The Dice is in the Details by gabe bogart


Instead of an afterlife in a heaven or a hell for those who are good or bad, respectively, there is a temporary sort of purgatory for all. In this pit stop, you might stay for what nears an agonizing eternity. Or, you might drift through on the way to the blissful afterlife, which is for everyone, by the way.

What irritates many people, is that the time of your stay is decided upon completely randomly. All the children of the gods are obsessed with Dungeons & Dragons and therefore decide the length of your sentence in purgatory by rolling a 20-sided die.

The second daughter of Lord Ganesha has an uncanny penchant for rolling natural 20’s. She also relishes meting out lengthy sentences, regardless of how well or poorly you lived your life.

What does this purgatory look like, you ask?

The very second you die, you are transported to a pane of existence, flat and constrictive. There, you cannot move. It’s a harrowing predicament to wake up to; the instantaneous switch from living in a three-dimensional world to a two-dimensional plane. It is like being in an industrial hydraulic press, minus the part about being smashed into a big hamburger patty.

Once you are there, you are bewildered to be witnessing mostly the mundane. You are the faces or bodies that people see in the patterns of tiles or woodgrain or drywall and plaster.

You might, for instance, be a face scarcely evident in the pattern of someone’s bathroom linoleum tiling. To your dismay, and potentially eventual torture, you witness people sitting on the toilet, taking their morning shit, staring down at you and trying to figure out if that looks like a face or not. The teenagers who have snuck into the house late at night, drunk, vomit all over you and do a horrible job cleaning it up.

It is worse than being Han Solo frozen in carbonite. At least Han was in a sort of catatonic state and didn’t have to witness the disgusting existence of Jabba the Hutt and Salacious Crumb. Nope, you are kept fully aware, at all times.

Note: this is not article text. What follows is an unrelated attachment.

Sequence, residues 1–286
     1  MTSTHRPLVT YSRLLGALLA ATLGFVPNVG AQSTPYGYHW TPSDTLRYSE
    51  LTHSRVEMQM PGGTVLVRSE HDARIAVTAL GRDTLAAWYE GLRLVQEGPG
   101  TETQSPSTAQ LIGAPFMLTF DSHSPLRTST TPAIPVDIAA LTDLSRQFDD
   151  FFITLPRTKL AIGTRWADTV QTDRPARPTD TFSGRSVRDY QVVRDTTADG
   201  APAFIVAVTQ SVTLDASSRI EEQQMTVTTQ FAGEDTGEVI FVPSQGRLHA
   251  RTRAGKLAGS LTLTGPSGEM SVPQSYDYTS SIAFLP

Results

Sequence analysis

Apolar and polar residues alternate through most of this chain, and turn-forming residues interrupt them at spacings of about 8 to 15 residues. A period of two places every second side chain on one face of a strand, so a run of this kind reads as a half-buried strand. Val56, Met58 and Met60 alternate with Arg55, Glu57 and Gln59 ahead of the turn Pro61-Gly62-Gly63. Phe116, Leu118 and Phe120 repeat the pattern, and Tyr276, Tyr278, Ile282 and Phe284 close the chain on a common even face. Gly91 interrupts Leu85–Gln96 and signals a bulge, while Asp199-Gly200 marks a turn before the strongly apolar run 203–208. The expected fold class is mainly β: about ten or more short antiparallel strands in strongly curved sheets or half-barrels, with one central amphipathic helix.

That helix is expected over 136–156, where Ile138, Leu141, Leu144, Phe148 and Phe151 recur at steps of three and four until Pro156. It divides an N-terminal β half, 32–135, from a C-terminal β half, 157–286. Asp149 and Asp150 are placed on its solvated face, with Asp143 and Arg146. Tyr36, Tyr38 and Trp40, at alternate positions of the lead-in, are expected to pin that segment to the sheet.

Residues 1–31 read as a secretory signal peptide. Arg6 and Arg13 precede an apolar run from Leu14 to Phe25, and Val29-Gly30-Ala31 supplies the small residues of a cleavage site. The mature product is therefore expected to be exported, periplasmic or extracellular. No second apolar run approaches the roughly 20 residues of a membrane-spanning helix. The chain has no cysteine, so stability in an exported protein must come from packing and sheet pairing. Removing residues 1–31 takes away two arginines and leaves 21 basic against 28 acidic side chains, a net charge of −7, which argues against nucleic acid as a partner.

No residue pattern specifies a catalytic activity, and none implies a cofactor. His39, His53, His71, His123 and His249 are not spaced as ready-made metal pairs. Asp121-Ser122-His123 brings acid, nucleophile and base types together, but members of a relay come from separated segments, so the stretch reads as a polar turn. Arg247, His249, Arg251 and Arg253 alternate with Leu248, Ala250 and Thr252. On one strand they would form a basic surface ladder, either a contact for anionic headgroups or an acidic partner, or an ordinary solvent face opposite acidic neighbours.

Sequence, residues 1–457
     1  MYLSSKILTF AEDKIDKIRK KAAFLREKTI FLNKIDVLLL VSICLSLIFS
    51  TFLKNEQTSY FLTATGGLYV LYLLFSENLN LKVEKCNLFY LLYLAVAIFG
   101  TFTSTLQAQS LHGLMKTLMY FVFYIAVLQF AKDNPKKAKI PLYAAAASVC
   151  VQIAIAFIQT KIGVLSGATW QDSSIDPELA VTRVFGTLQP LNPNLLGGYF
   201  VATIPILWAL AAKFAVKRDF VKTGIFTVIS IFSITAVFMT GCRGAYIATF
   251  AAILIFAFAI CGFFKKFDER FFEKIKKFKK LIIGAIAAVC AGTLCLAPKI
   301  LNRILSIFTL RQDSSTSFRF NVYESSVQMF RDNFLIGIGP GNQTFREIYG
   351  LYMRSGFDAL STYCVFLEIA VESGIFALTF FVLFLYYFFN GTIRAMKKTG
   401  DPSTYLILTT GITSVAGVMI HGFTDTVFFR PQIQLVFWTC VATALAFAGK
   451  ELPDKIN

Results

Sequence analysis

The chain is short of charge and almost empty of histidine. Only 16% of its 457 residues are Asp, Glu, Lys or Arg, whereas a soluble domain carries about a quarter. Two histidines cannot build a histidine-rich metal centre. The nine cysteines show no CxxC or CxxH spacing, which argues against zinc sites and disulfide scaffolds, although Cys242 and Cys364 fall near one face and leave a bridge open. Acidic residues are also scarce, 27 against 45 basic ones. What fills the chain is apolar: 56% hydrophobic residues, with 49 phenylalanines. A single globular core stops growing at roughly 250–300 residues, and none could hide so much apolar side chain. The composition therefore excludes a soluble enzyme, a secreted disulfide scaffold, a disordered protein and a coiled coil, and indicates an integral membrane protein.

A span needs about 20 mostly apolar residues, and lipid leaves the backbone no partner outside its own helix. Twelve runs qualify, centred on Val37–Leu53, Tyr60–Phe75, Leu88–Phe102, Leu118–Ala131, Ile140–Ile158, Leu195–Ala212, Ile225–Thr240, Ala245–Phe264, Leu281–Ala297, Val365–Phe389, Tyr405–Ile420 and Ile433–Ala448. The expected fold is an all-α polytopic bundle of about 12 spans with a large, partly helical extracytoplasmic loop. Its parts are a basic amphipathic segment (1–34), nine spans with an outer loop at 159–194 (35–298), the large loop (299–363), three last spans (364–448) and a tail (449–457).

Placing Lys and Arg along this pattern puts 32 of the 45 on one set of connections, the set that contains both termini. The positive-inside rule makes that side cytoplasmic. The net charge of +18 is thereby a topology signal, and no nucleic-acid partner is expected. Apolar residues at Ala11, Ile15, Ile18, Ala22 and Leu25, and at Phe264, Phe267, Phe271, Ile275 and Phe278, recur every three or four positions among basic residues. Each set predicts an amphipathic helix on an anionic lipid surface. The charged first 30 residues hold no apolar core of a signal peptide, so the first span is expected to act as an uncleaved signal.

There is no sleeping. Therefore, you never dream. It is taxing, particularly with a longer sentence. If Goddess Santoshi (Ganesha’s daughter) rolls a natural 20, that is. You grow so weary, that when you are released to the afterlife you look worse than Tom Hanks at the end of Castaway. Not to fear, though, because the afterlife has 24-hour all-you-can-eat buffets on every street corner.

Other times, you might be the face in the texture of a crystalline ceiling. Remember the ones that were in almost every house built in 1966? From up there, you have to witness the awkward sexual fumblings of everyone who occupies the room until the house is demolished to make way for condominiums.

I was the unfortunate benefactor of one of Goddess Santoshi’s natural 20’s. She announced to me, with a wicked little grin, in front of all the other god-children, that I was to be a face in the bark of a tree. I cringed in horror when she selected a sapling Sequoia.

That tree stood for 933 years before it was cut down.


Gabe Bogart lives in Seattle, Washington, where he patiently awaits the return of the Seattle Supersonics. He learned to love words in his senior year high school creative writing class and from his sister and mother. It’s been a long time since he took a major road trip and he’d like to do it next in a 1970 Chevrolet Chevelle Super Sport. His work has appeared in Pareidolia Lit, Hencroft Hub, Collective Realms, TERSE. Journal, Fahmidan Journal, acloserlisten.com, and thesianetwork.com.

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